“When you start the foster care process, there’s different things that you can do. If you just want to be a foster parent or if you just want to be a respite home or if you want to foster to adopt,” Climer said.
FireLodge “was amazing to work with. They guided us through the whole process, and they helped out with every single thing that we needed,” she said.
The most important part of the Tribal child welfare process includes access to cultural resources to keep children connected to their Potawatomi heritage.
“That’s so important. She got to participate (in Family Reunion Festival) this year. We have pictures of her just having the best time at Festival. And that was her first time to get to be involved. And we’re really looking forward to next year where we can involve her more. She’s getting to learn the language, which is nice because when I pick her up from daycare, she’ll tell me a (Potawatomi) word she learned. I want to get her started in different things like the beading classes that they have available. To be able to keep our heritage, it just it means a lot,” she said.
Climer said foster care and adoption through CPN is often praised for how each part of the process works together. She said the staff answered all her questions when she enrolled Adalynn in school for the first time and even helped Climer connect with therapy providers.
A heart for adoption
Climer said she always wanted a big family and had hoped to expand her family through adoption.
“I have always wanted to foster and adopt. If somebody asked me how many kids I have, I have seven. Not, one’s adopted some are stepkids, but they’re all my kids,” she said.
She acknowledges that sometimes foster care involves saying goodbye as the child returns to their biological family.
“A lot of people say, ‘There’s no way I can take a child in knowing that they’re going to get taken back,’ but I don’t look at it that way. I look at it as if that child is only with me temporarily … they get the love that they need,” she said.
Climer knows foster parents play an important role, not only through daily care but also through love and support that remains with the child.
“I can make an impact on their life while I have them, to say, ‘Hey, it’s going to be okay.’ During that time, you are the best positive influence that you can be for those children. They need lots of love,” she said.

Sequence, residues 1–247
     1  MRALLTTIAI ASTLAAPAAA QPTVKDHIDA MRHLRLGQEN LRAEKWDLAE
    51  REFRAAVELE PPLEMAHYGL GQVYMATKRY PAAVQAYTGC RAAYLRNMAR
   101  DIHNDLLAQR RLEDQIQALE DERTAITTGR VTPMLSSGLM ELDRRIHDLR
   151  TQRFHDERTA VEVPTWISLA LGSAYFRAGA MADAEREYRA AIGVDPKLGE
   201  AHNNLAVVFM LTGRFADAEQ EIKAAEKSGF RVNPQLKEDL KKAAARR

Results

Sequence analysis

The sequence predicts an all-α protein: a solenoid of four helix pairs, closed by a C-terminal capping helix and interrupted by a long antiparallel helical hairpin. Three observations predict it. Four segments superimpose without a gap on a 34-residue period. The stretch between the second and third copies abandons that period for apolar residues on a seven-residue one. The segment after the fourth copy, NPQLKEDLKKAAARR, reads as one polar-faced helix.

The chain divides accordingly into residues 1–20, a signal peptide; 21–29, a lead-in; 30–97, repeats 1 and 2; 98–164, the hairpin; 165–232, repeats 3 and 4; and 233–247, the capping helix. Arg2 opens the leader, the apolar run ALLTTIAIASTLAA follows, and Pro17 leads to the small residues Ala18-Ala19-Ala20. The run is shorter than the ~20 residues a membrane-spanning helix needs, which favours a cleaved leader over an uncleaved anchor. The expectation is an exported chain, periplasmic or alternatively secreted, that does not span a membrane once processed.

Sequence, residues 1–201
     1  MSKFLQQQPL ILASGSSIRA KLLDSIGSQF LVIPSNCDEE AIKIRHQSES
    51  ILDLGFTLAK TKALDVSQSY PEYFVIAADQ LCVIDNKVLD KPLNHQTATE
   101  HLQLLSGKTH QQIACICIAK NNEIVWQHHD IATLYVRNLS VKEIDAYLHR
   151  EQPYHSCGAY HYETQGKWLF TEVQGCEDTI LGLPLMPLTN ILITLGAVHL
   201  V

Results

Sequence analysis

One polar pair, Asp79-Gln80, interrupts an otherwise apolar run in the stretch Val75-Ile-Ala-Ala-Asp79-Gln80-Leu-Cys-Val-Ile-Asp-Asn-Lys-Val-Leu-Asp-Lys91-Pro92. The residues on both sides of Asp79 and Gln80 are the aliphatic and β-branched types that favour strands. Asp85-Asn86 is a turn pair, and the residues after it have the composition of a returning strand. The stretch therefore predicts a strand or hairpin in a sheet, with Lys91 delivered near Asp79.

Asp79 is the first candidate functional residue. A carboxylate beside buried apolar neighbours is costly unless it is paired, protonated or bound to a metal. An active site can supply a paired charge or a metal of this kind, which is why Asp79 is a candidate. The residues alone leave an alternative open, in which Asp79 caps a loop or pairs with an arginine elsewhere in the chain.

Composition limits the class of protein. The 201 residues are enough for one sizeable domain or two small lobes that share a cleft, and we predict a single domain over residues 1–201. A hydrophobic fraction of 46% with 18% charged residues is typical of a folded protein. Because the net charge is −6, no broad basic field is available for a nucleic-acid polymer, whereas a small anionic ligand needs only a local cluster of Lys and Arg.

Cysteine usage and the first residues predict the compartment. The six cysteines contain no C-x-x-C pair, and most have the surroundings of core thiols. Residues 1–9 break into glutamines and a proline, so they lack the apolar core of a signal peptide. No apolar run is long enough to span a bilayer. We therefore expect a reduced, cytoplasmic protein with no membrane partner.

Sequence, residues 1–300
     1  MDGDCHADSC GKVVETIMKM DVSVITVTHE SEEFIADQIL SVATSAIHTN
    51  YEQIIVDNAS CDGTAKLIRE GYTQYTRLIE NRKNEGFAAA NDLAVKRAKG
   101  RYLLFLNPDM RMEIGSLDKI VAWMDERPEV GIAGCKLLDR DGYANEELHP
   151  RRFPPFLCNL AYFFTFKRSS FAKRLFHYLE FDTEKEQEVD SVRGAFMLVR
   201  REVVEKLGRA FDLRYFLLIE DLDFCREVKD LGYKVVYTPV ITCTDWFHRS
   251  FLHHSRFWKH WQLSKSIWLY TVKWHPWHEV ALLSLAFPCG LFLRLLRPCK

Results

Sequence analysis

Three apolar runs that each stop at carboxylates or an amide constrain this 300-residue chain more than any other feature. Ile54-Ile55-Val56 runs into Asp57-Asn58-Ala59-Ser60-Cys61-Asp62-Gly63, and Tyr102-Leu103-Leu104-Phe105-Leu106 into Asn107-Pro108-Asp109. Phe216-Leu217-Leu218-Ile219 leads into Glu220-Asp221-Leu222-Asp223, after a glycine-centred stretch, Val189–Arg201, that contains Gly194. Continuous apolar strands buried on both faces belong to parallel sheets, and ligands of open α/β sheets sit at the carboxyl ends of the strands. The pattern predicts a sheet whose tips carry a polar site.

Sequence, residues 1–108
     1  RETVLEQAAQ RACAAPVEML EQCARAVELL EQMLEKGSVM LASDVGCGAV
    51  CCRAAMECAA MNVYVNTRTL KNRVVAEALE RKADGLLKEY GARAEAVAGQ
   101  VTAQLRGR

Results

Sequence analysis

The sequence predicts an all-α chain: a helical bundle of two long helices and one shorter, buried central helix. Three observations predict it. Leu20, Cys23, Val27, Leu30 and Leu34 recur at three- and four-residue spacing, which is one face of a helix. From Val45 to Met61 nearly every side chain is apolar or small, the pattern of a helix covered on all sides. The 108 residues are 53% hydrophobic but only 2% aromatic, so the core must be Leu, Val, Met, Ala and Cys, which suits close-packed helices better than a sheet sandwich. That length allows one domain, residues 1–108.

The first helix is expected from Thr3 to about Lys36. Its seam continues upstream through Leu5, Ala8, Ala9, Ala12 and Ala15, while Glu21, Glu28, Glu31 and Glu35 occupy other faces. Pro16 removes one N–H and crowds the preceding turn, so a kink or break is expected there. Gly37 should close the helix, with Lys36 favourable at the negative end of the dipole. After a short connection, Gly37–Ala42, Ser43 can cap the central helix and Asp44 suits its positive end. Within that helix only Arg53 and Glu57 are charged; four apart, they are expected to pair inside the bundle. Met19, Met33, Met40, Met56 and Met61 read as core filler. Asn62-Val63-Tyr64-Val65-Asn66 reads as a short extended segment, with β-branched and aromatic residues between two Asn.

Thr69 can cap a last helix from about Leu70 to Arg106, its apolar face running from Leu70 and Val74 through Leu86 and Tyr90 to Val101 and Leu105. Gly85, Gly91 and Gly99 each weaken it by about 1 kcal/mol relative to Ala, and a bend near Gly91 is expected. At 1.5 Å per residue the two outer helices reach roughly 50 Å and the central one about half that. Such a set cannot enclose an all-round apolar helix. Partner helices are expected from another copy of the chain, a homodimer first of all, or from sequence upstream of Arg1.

Climer said it is not unusual to experience emotional ups and downs, for the child and for the foster parent.
“When the child is placed with you, you don’t know exactly what’s going to go on. Sometimes they are stressed from things that happened to them or things they’ve seen or heard. You guide them the best you can and explain to them, ‘You’re safe and we’re going to get through this.’ We just do the best we can do to work through it,” she said.
Climer said she always let Adalynn know she was not alone.
“There can be some emotional rollercoasters there. You’re on that ride together. When it’s a rough day, you just you get on that seat with them, you buckle up, and here we go. And that’s the easiest way I look at it,” she said.
Foster care, adoption advocates
Climer expects she, Adalynn and the entire family will remain passionate advocates for foster care and adoption. She hopes other families will consider becoming involved.
“There’s a need, definitely. If I could tell anybody anything, it would be, if it’s for you in your heart, follow through. These kids need that love, they need that caring and that nurturing,” she said.
“We hear so often about the things that aren’t going right. I would like to sit down with somebody that could honestly write a book of (Adalynn’s experiences),” Climer said.
“I’m praying that as she gets older, she can use this experience as a positive mentor for others. I know she’s had a rough past, but I pray that she can come out in the end and be a mentor for other children. As she gets older into her teenage years or even young adult years, (she can look back) to see how far she’s come and how far we’ve all come together.”